I was sitting in my then-therapist’s office one day, feeling exhausted and hopeless. Between mourning a break-up and constantly traveling for work, I felt like I’d been digging myself out of an ever-deepening hole of despair for months.
“When someone asks you to do something, how do you decide when to say ‘yes’?” she asked.
“If I’m not committed to something else at the same time, then I usually agree to do it,” I responded.
That was my only criterion: was I physically able to do it? If I was, I did it.
I was living in Washington, D.C. at the time where I was surrounded by other ambitious, overachieving twenty-somethings who seemingly never turned down an opportunity that might help them succeed professionally.
Eventually after a few angst-filled years I escaped that competitive D.C. climate, moving back south to North Carolina where I live now and where the first question a person asks me isn’t “What do you do for work?” Getting myself out of D.C. physically didn’t do much in the way of deprogramming the mindset I’d adopted there. Say yes now. Figure out the logistics later.
Fear of missing out (or FOMO) has led me down all kinds of problematic paths. Operating from a place of scarcity (opportunities are limited, so I need to take every single one that’s in front of me) left me me feeling panic-stricken and depleted. During a particularly overwhelming time last fall, with my heart racing and stomach churning, I knew something had to shift, or I was seriously going to lose it.
I began to wonder, what might it feel like for me not to jump at the next opportunity, but rather to consider if it was something I not only had space in my calendar to do, but if it was something I actually wanted to do?
I had my first real test of this a few weeks ago. The opportunity to volunteer on an influential committee came my way. The impulse to volunteer was there, but my inner voice told me to pause and to take a deep breath. “Let me think about it,” I said.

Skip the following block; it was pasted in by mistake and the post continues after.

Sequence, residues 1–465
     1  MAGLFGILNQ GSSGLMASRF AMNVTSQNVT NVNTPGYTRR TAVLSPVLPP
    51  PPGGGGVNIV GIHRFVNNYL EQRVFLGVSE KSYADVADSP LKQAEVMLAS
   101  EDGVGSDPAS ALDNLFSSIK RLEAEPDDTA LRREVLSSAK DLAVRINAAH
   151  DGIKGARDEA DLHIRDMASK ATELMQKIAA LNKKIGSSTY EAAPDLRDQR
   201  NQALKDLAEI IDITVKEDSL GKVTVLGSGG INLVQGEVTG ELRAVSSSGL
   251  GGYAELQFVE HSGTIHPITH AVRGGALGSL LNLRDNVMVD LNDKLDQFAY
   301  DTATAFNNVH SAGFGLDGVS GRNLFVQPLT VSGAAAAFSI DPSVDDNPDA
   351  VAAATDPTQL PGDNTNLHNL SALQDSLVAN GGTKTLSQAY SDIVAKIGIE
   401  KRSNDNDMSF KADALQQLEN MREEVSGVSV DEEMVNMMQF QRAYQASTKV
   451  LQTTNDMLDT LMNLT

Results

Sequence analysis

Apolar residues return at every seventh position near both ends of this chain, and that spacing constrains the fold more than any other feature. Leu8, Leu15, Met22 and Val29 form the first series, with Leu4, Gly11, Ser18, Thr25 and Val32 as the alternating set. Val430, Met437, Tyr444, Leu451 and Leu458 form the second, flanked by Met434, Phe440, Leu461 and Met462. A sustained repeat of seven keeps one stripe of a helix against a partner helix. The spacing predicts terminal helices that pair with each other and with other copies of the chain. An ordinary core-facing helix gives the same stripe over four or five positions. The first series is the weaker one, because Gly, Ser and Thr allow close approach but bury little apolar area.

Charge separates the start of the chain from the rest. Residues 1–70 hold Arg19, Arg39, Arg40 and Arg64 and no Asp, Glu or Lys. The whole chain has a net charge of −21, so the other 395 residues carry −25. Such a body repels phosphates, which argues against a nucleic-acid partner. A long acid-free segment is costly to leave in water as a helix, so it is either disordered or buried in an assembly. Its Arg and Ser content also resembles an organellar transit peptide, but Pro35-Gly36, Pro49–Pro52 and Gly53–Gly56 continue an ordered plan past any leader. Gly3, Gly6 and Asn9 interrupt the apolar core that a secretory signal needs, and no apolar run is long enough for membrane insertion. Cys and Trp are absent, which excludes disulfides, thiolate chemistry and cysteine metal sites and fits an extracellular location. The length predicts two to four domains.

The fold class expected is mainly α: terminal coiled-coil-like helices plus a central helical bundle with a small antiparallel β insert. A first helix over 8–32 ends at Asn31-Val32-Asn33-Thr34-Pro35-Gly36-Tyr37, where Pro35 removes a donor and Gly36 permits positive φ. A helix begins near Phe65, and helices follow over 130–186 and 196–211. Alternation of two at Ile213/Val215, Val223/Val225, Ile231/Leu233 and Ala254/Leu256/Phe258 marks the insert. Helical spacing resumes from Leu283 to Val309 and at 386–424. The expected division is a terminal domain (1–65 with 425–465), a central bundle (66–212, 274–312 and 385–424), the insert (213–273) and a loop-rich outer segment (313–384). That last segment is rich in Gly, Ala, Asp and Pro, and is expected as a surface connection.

Eventually I turned it down with only a slight twinge of FOMO.
What helped me was turning to The Wholehearted Continuum, a guiding set of principles developed by my friend and coach Rosie Molinary. She encouraged me to consult it any time I was presented with an opportunity, asking myself the following six questions:
- Am I thrilled to be asked?
- Am I happy to prepare?
- Am I eager to go—and ok with leaving my family behind?
- Will I be joyful while I’m there?
- Am I ready and willing to take on the less glamorous aspects of work?
- Am I going to want to bask in the afterglow after it’s done?
If the answer to each question isn’t “yes,” it will undoubtedly make me feel resentful if I take it on, which will only eat up precious energy that would have been better spent on something else.
As I continue my practice of cultivating joy this year, this practice is essential for creating space in my life to do what brings me pleasure and a sense of purpose. Joy is no longer optional. It’s essential for continuing on with the work of justice-love in the world, something I hope to continue doing for decades to come.
If you’re a teacher, an activist, a minister, or otherwise working to make the world a kinder and more compassionate place, I encourage you to practice the wisdom of saying yes to saying no more often. Start with something small like taking off a to-do list thing that isn’t really necessary. Pretty liberating, isn’t it?
Rev. Katey Zeh is a Baptist minister, strategist, writer, and speaker who inspires communities to create a more just, compassionate world. She has written for outlets including Huffington Post, Sojourners, Religion Dispatches, Response magazine, and the Journal for Feminist Studies in Religion. She is the co-host of Kindreds, a podcast for soul sisters. Her book Women Rise Up will be published by the FAR Press this year. Find her on Twitter at @kateyzeh or on her website kateyzeh.com.